In “To Your Health,” the Washington Post (2/7, McGinley) reports that research published online in the Journal of the American Medical Association suggests physicians “often fail to recommend genetic testing for breast-cancer patients, even those who are at high risk for mutations linked to ovarian and other cancers.” The research “also found that many women who would benefit from genetic counseling do not receive it.”
Aunt Minnie (2/6, Yee) reports that research suggests “using digital breast tomosynthesis (DBT) in combination with full-field digital mammography (FFDM) among Medicaid enrollees could save state programs more than $200,000 per year – and individual plans more than $12,000 annually.” The “cost savings would come from fewer recalls and earlier cancer detection, which benefit the women themselves, the authors wrote.” The findings were published online in the Journal of the American College of Radiology.
Aunt Minnie (2/3) reports that the ACR has issued “an updated version of its 2016 Digital Mammography Quality Control manual.”
Medscape (2/1, Mulcahy) reports that researchers found that “there was a ‘substantial,’ statistically significant reduction in breast cancer mortality between 1991 and 2005 associated with the” UK National Health Service Breast Screening Programme. Investigators found that an “invitation to be screened, when compared with not being invited, was” linked to “a reduction in breast cancer mortality in 1991 to 2005 of 21%...after adjustment for three major variables (age, socioeconomic status, and lead-time).” Medscape points out that the program “is one of the largest in the world and has invited women aged 50 to 64 years to be screened every 3 years.” The findings were published in the British Journal of Cancer.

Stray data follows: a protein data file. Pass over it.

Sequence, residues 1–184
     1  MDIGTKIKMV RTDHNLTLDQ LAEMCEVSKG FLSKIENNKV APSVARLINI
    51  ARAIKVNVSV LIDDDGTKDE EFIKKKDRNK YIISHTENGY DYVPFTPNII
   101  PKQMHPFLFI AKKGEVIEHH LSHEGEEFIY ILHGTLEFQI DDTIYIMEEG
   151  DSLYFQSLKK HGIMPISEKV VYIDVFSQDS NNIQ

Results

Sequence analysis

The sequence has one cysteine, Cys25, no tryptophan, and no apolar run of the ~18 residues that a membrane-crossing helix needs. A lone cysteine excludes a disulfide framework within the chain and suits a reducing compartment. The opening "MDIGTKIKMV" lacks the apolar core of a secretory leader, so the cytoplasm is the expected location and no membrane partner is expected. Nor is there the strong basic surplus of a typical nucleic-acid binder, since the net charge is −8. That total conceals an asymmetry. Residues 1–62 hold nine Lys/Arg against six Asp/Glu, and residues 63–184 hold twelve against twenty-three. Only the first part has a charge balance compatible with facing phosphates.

Aunt Minnie (2/1, Yee) reports that while research has indicated “women with dense breast tissue have a twofold increased risk of developing primary breast cancer,” research published online in Cancer suggests “women with dense tissue also have an increased risk of developing cancer in the other breast.” This “finding could affect the management of women with dense tissue who have been diagnosed with primary breast cancer, wrote” the investigators.